YONKERS, NEW YORK – “Women Disciples of the Lord” is the theme for St. Vladimir’s Seminary’s annual summer conference to be held June 17-19. The gathering—which seeks to foster a creative, and inspiring encounter through lectures, panel discussions, and workshops—is especially for women, laity, and clergy interested in broadening lay vocations and ministries in the Church. Email email@example.com for more information.
by Konstantin Kucheryavyy
Saint John Climacus wrote that, when a person decides to [do] a good deed, the devil puts three pits before him/her. The first pit is external circumstances that prevent the deed from being done. The second pit is concerns about personal gains when doing the deed. Finally, the third pit is a feeling of vanity when/if the deed is done… Very often I [couldn’t] even jump over the first pit.
[I] suddenly realized… I am doing so little to help people from the town I currently live in. Of course, I might always say that [it is because] I am a foreigner in this town and this country, and helping people is not my primary concern. I will not be honest, though. Even when I lived in Russia, I was not doing much to help the people around me. Of course, I had an excuse for that too… For any other argument I [had] tons of other excuses readily available.
Up until recently I felt reluctant to publicly express my Orthodox beliefs. At first I thought it was because I felt uncomfortable just in the US because people here are generally unaware of Orthodoxy. But last summer, when I travelled home, it was the same story. I felt as if I was leaving two different lives: in one life I was attending church, participating in sacraments, praying every morning and evening, keeping fasts, etc.; in the other life I was sort of concealing my religion.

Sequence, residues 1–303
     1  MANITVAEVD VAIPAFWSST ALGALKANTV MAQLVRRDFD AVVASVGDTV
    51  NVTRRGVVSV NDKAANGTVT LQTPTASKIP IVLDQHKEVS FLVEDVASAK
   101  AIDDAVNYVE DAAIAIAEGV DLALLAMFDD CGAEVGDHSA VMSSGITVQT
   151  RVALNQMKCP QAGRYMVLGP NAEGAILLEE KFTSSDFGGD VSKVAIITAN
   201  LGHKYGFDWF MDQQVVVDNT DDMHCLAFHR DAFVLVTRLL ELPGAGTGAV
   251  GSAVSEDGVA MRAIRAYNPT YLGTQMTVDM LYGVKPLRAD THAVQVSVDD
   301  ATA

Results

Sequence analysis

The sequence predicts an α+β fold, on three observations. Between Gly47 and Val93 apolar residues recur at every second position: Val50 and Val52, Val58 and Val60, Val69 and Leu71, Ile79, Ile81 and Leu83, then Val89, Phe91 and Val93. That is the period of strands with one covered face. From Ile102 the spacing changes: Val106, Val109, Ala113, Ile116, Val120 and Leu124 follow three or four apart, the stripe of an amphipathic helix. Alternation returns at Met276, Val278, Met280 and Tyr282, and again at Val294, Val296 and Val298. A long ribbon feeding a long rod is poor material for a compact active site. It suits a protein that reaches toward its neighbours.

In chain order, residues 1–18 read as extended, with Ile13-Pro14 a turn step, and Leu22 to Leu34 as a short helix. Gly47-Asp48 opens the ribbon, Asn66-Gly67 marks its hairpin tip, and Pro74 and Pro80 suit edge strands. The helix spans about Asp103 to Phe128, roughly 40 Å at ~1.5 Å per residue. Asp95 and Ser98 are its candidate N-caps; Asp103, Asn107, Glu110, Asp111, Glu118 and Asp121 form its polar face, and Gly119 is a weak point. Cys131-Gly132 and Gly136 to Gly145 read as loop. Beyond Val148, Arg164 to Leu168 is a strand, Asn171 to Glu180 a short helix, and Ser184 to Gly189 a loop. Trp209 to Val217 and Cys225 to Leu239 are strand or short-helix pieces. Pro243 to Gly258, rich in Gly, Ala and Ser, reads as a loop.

Even when I was planning to go to this mission trip, I kept telling people that I am going to travel to the Appalachian Mountains just for the sake of sightseeing. Possibly, I was afraid that people would think that I am a fanatic. I was afraid to be misunderstood. Or, maybe, I was ashamed. This duality of my life was causing discomfort inside of me. The discomfort was near to unbearable when
I was recalling Mark 8:38: “If anyone is ashamed of Me and My words in this adulterous and sinful generation, the Son of Man will be ashamed of them when He comes in His Father’s glory with the holy angels.” Still I could not do anything about it.
I believe that this trip helped me to overcome the fear of being misunderstood… Maybe one of the evening talks—which we were having every evening during the trip—contributed to that. I remember that at some point we were discussing problems we encountered during the day and how we were able to resolve them. The leitmotif of this discussion was the phrase “So what?”…
So, [if] I am afraid that people will not understand or share my religious views—as a matter of fact, a lot of people do not understand [or] share my religious views—so what!? There is nothing extraordinary about this fact. Christianity has been dealing with misunderstanding from the very beginning.
If magical things can happen to me, the Appalachian Mountains mission trip was one of them. Could I ever imagine a better beginning of Great Lent: Wonderful people around me, thrilling views of Appalachian Mountains, devoted prayer, thought provoking discuss-ions, and a lot of fun and fooling around?
I was unplugged from my normal routine with all its economic models, news reports, deadlines, and rush. I was unplugged only to touch reality. The feeling of the reality was so acute, that for long periods during the trip I was able to release all those pains, silly fears, and guilt of the past and the future. Maybe that is why it was so incredibly hard to get back to “normal” life upon returning…
Truly, it takes a long trip to start noticing obvious things in one’s backyard. Thank God right now nobody is trying to torture me for my beliefs. It is my love for Christ in people which should motivate me in my public expression of my beliefs. It should be my tiny mission to show people the right way.